But, Christianity offered women the equality of being co-heirs of the promise, and many women in the early years of the first century held prominent positions and did much for work of the conversions to Christ’s church.
Acts 2:17-18, “And it shall be in the last days, saith God, I will pour out of My Spirit upon all flesh, and your sons and your daughters shall prophesy, and your young men shall see visions, and your old men shall dream dreams; 18 and also upon My men-servants, and upon My maid-servants, in those days, I will pour out of My Spirit, and they shall prophesy;”
The pouring forth of the Holy Spirit on the day of Pentecost at the establishment of Christ’s church in approximately 31-33 AD fell upon both men and women, as had been prophesied from Joel 2:28, in a very male dominated society.
1 Cor. 14:36, “36 What? came the word of God out from you? or came it unto you only?“
Rom. 16:1-2, “And I commend you to Phebe our sister — being a ministrant of the assembly that [is] in Cenchrea — 2 that ye may receive her in the Lord, as doth become saints, and may assist her in whatever matter she may have need of you — for she also became a leader of many, and of myself.“ (YLT)
Acts 21:8-9, “and on the morrow Paul and his company having gone forth, we came to Cesarea, and having entered into the house of Philip the evangelist — who is of the seven — we remained with him, 9 and this one had four daughters, virgins, prophesying.“ (YLT)
Phil. 4:2-3, “ Euodia I exhort, and Syntyche I exhort, to be of the same mind in the Lord; 3 and I ask also thee, genuine yoke-fellow, be assisting those women who in the good news did strive along with me, with Clement also, and the others, my fellow-workers, whose names [are] in the book of life.“ (YLT)
These women worked alongside Paul, spreading and teaching the good news to others.
Gal. 3:28-29, “ there is not here Jew or Greek, there is not here servant nor freeman, there is not here male and female, for all ye are one in Christ Jesus; 29 and if ye [are] of Christ then of Abraham ye are seed, and according to promise — heirs.” (YLT)
Men and women are “sons of God.” Gal. 3:26. Both men and women in Christ are of the seed of Abraham, and co-heirs of the promise!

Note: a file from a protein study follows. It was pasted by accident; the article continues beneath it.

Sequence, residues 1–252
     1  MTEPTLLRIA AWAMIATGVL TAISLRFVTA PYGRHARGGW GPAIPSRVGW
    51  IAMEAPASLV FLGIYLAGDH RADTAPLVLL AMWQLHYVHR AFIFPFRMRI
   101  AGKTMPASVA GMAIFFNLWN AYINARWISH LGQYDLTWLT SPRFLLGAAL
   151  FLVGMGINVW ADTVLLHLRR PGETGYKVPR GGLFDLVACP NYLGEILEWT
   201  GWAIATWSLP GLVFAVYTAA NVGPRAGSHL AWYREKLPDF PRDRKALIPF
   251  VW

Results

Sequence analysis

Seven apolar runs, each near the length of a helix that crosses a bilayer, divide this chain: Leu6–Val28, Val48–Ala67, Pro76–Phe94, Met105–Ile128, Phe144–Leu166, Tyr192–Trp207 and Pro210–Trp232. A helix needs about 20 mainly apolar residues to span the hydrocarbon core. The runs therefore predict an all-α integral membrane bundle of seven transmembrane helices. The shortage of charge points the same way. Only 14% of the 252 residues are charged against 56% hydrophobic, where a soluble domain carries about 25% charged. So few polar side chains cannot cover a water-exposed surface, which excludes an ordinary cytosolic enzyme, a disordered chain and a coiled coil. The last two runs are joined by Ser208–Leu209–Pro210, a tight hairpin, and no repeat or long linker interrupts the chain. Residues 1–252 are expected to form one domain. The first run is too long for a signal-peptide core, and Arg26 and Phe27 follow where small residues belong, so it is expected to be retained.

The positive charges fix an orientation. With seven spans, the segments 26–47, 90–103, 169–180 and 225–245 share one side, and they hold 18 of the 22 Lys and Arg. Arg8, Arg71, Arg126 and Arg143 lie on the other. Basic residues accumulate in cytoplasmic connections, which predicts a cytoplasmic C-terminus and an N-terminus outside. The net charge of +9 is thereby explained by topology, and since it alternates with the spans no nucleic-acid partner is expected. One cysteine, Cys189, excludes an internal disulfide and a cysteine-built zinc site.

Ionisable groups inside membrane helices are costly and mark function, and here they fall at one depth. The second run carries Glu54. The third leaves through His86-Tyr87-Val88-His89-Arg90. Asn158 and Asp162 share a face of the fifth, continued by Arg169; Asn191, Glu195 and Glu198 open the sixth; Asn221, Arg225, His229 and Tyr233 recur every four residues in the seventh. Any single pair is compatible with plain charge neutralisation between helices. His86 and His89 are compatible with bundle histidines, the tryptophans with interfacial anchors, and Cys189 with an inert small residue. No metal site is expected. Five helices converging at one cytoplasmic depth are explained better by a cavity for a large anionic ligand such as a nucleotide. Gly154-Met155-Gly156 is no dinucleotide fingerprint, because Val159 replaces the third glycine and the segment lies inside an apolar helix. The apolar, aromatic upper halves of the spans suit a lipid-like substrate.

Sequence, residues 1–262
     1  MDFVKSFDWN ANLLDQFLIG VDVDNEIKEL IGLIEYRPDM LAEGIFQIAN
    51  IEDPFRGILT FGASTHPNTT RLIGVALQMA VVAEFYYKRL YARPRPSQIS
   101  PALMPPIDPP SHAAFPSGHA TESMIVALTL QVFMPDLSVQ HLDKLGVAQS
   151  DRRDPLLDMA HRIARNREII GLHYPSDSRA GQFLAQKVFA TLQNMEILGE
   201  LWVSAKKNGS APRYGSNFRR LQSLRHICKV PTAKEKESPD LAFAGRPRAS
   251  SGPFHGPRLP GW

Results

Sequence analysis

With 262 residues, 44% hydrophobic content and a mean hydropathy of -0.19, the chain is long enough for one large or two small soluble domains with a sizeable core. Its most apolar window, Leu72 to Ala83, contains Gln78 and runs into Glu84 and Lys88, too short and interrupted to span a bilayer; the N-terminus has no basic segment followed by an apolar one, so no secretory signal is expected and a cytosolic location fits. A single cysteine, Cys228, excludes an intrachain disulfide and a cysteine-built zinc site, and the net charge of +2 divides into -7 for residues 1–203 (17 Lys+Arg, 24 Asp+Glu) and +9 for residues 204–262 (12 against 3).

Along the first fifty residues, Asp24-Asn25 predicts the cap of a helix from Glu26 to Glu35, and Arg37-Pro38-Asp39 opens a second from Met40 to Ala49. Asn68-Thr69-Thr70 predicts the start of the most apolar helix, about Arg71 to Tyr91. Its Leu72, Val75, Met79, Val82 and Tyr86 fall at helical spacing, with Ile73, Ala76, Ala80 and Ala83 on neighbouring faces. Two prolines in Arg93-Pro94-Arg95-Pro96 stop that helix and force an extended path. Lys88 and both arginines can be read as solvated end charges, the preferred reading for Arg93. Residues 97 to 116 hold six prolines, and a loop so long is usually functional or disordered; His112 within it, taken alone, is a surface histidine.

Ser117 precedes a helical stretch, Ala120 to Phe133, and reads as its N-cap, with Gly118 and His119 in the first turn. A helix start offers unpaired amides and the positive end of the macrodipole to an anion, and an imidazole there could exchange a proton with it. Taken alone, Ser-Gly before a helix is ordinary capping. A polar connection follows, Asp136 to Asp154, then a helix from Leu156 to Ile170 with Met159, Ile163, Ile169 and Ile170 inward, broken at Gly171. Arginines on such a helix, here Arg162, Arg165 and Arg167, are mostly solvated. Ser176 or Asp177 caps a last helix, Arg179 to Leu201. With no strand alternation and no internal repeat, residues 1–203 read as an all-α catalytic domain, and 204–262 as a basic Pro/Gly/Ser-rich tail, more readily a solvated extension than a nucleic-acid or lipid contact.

1 Cor. 11:5, “ and every woman praying or prophesying with the head uncovered, doth dishonour her own head, for it is one and the same thing with her being shaven,”
The women were praying and prophesying in public, and the issue here was that they were to cover their heads when doing so as the sign of subjection to both their husbands and to Christ.
In fact, a close examination 1 Cor. chap. 11 shows the subject is the conduct and manner of dress IN THE ASSEMBLIES. So, the women held a role of praying and prophesying in the first century A.D. in the assemblies as a part of those who received the gifts of the Holy Spirit in that day and time!
You must consider the time period, and that these newly converted Hebrews had suddenly been given new spiritual gifts with which they were learning to contend. They weren’t born with these gifts; they had to learn how to handle them.
If everyone spoke / prophesied at the same time, then there was disorder. If one prophet spoke, the one sitting next to him was to keep still. If those with gifts of tongues (foreign languages) spoke when there was no foreigner attending the assembly, then what use would that be. If there was no interpreter of that foreign language to tell those in the assembly what the tongue-speaker was saying, then no one would benefit.
Likewise the prophet’s wives were not to interrupt their husbands while speaking in the assembly. But, moreover, 1 Cor. 14:36 is admonishing the men for their tendency to belittle the women as their male dominated society had been taught to do by their Rabbis. And, that is why the comment about “as also saith the law” is key.
Why would Paul be putting women under the commandment of the law, while preaching throughout his ministry that all of us have been liberated from the law? (Rom. 3:28. 6:14, 7:16, 8:2; Gal. 3:11, 13. 4:15, 5:18; etc) Paul did not quote any scripture in 1 Cor. 14:34-35. Whenever he quoted scripture he typically provided the reference, or said it is written. If Paul actually made these statements in 1 Cor. 14:34-35, and there is some question about the authenticity of them, then Paul was quoting back to the men their Rabbinical laws, not God’s law. (See here for more discussion.)